Doctors prescribing “blue therapy”


But many experts now believe that blue spaces, such as lakes and rivers, could be even more beneficial than green spaces.

“Blue spaces provide us with distractions that take our minds away from the hassles of everyday life,” says Kate Campbell, a health psychology researcher at Te Herenga Waka-Victoria University in Wellington, New Zealand. “The sound of crashing waves, the smell of salty air, the crunch of sand under our toes… The sensations relax our bodies and tell our minds to switch off.”

Campbell believes humans have an “innate predisposition” toward natural environments that once benefited us as an evolving species. The natural spaces that provided pre-modern humans with food, comfort and security are likely to provide a similar sense of well-being even in today’s urban world. Spending time in blue spaces, Campbell says, can feel like “coming home.”

The concept of blue health emerged nearly 10 years ago when researchers at the University of Sussex asked 20,000 people to record their feelings at random times. They collected over a million responses and found that people were by far the happiest when they were in blue spaces.

More recently, experts from Glasgow Caledonian University (GCU) found that spending time in blue spaces reduced the risk of stress, anxiety, obesity, cardiovascular disease and premature death.

Niamh Smith, a GCU researcher and co-author of the study, says the team saw an impact on mental and general health from spending time in blue spaces. Research has also linked time spent in blue space to reduced body mass index (BMI) and lower mortality risk.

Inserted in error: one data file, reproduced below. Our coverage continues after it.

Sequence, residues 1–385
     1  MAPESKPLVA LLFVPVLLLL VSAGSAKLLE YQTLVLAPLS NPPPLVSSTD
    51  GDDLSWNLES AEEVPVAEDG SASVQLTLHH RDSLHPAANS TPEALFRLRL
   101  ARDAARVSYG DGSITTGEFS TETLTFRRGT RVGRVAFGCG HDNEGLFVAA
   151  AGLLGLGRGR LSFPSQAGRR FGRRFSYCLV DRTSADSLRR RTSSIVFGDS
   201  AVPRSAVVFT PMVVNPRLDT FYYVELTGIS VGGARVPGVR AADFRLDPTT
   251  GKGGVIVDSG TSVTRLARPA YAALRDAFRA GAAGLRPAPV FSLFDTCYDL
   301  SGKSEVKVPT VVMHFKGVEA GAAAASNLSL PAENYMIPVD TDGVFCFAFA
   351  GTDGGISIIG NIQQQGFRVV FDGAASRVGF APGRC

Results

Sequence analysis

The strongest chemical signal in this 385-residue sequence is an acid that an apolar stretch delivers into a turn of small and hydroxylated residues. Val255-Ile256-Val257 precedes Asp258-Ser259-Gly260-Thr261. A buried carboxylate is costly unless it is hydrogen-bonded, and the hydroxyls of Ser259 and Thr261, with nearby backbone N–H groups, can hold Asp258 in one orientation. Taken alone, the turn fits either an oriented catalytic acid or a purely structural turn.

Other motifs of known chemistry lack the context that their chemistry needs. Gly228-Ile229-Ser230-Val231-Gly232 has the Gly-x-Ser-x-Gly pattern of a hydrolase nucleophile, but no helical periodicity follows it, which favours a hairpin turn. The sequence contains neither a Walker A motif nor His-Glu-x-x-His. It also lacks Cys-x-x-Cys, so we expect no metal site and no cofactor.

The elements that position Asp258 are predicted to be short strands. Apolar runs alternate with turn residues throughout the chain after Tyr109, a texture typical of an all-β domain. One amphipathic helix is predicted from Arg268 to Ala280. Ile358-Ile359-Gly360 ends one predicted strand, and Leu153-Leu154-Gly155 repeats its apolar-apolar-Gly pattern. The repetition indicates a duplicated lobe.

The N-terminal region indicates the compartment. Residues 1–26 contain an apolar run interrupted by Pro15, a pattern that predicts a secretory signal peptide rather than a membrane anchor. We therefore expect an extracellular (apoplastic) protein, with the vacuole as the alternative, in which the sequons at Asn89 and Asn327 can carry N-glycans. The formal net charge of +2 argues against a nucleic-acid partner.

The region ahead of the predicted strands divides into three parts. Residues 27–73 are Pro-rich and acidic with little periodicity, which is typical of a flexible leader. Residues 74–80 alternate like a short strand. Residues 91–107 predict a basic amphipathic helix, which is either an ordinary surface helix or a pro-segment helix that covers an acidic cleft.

“People really appreciate the therapy space,” Smith says. “They love the sound of running water, having a reflective space to sit quietly, a place to clear their heads away from the hustle and bustle of everyday life.

“We know that blue spaces benefit health in four main ways: through physical activity, reducing stress, creating space for socializing. [and finally the] environmental factors that impact our health. For example, if a river is lined with trees, you have shade.”

In fact, blue spaces are so good for your health that they can now be prescribed by your doctor.

blue prescription

“My depression comes in cycles,” says Harune Akthar, speaking from her west London home.

About ten years ago, the 27-year-old was diagnosed with borderline personality disorder, ADHD, depression and anxiety.

“When I had a bad day, it took me three to four days to get through it,” he says. “I slept and ignored everyone, including my family – and I love my family. I wouldn’t eat. You would rarely see me.”

For years, Akthar tried a range of different therapies, but found none that helped him. Then, in June this year, his doctor referred him to the Blue Prescription scheme run by the Wildfowl and Wetlands Trust (WWT), a charity.

After the first day, he didn’t think it was for him. At the end of the second, he was eager to go back.


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